Thursday, February 8, 2018
Book Review: 'Mr Right for Kurt and My Other Experiments' by Grigory Ryzhakov
Siberian explant living in the UK Grigory Rzyhakov is a molecular biologist by profession, having received his Masters in biochemistry from Moscow State and his PhD in molecular biology from Cambridge University. In his free time, he writes fiction and blogs on various topics, including Russian literature, and writes music under the name Grisha McArrow. In his accomplished book - THE READERS MINI-GUIDE TO NEW RUSSIAN BOOKS - he succeeded to quench the thirst for knowledge about Russian literature and to introduce post-Soviet literature to wider international audiences. To make this guide read not completely like an encyclopedia, he connected book descriptions with Russian life to tell a story. Russia has a controversial political image, and, in Grigory's opinion, Russian literature can show the essence of his country far better than any media sword-fights. His intention is to inform readers about Russia through the prism of Russian stories.
The young blue-eyed Grigory also spreads his talent for writing into other areas, this book being another in his ‘British Chick Lit’ series – an opportunity to display not only his technical skills but also his keen gene for comedic writing. His immediate access to British humor is evident: for the 24 chapters of this book he names each for a fruit or flower or vegetable or seed, supplanting that with the genus and species name (the scientist in him wins out).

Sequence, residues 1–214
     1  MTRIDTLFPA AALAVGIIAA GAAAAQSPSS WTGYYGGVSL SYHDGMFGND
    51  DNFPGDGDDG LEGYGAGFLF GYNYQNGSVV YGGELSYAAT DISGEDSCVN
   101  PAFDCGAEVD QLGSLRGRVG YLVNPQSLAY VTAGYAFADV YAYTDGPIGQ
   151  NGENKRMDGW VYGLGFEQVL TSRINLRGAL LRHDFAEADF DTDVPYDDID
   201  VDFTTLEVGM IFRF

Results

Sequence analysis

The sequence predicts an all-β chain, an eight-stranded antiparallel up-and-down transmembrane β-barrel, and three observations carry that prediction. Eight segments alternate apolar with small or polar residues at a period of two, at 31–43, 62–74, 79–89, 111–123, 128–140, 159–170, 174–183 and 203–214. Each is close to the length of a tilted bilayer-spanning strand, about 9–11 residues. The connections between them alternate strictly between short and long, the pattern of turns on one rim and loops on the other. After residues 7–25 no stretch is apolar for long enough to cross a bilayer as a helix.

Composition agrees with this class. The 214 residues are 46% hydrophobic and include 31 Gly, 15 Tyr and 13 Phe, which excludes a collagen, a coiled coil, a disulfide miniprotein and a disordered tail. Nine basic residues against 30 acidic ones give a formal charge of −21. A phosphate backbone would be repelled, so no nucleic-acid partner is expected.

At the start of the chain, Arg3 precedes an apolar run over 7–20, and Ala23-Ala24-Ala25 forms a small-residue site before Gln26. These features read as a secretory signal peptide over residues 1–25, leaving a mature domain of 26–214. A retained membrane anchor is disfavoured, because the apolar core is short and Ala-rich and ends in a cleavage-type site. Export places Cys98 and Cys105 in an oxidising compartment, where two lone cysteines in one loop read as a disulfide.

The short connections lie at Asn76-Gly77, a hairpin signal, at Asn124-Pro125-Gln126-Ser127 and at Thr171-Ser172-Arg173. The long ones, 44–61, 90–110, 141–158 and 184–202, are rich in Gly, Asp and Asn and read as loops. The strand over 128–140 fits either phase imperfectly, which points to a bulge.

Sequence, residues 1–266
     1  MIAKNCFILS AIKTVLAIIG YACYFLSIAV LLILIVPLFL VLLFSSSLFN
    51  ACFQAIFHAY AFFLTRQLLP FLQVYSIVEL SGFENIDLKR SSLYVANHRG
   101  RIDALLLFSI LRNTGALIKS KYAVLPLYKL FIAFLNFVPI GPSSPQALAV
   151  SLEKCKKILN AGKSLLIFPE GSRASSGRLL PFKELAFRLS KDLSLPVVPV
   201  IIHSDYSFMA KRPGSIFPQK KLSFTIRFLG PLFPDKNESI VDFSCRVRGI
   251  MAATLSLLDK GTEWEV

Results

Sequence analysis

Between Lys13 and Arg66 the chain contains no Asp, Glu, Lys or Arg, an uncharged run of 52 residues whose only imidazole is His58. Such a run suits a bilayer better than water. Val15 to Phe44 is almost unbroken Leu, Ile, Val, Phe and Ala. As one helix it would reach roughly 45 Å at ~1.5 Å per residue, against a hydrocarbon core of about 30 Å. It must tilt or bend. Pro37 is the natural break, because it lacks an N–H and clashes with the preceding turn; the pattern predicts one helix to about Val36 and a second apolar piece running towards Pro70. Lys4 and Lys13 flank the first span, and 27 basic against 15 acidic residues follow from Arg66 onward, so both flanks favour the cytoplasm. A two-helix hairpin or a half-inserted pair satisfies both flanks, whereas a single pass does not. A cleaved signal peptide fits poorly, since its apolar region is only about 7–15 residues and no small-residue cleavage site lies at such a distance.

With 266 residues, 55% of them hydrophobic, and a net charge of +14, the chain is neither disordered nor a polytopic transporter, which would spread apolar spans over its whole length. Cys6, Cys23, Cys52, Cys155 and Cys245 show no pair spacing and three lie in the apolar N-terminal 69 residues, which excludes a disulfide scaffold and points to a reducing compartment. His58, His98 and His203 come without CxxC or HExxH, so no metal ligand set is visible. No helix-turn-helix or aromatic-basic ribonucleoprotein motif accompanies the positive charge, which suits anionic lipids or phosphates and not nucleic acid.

The scope of Chloe’s ‘experiments’ is summarized in the synopsis: ‘ ‘Mr Right for Kurt & My Other Experiments’ is a sequel to ‘Mr Right & Mr Wrong’. Both books are social satire and light-hearted comedies about a modern, young female scientist. Having found her Prince Charming, Chloe makes herself busy with her other project – finding Mr Right for her housemate, Kurt. Things get a little tricky when Chloe discovers a dating app for gay men, Grindr. Hilarity ensues! Meanwhile, spring is claiming London and Chloe is starting her Master’s project on bioremediation of soils at the Department of Plant Science, Imperial College, where she meets her new colleagues – sassy Zofia and a flirty hipster called Andy who, by the way, has a secret and glamorous alter ego. After a visit by a BBC TV crew to the institute, Chloe becomes a celebrity on Twitter. But glory invites disaster over a cup of tea. Gay matchmaking isn't Chloe's forte, so now what? Parties, gigs and piss-ups continue to be Chloe’s life, along with the added bonus of inhumane hours in the lab. Little does she know that the country’s top TV show is about to invite her for a chat. Surprises await.’
Pure fun from a very bright young author with a quick wit and the ability to scribe parody well. It seems whatever he decides to write, we, the readers, are the winners. Grady Harp, May 16
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